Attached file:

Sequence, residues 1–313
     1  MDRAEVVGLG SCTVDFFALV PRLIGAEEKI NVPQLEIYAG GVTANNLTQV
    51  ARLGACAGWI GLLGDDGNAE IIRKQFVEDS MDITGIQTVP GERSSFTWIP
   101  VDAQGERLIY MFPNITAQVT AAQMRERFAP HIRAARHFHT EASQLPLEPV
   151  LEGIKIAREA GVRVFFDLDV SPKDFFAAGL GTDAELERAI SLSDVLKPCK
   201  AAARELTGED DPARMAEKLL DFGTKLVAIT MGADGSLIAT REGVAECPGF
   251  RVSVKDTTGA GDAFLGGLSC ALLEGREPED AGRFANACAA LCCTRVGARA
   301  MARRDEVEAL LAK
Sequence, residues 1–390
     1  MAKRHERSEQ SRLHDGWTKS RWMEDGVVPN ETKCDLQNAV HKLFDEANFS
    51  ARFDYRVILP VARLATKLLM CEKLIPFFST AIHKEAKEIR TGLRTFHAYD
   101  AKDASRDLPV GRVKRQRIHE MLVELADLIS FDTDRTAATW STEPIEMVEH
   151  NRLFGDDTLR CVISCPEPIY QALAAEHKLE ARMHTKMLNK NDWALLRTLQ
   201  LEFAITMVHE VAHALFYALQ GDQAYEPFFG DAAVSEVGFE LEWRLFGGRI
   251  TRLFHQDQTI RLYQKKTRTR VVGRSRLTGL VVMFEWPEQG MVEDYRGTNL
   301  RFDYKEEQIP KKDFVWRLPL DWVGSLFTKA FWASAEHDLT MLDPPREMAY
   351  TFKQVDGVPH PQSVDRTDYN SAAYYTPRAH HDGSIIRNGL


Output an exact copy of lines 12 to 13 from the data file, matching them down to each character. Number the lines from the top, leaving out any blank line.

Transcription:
   101  AKDASRDLPV GRVKRQRIHE MLVELADLIS FDTDRTAATW STEPIEMVEH
   151  NRLFGDDTLR CVISCPEPIY QALAAEHKLE ARMHTKMLNK NDWALLRTLQ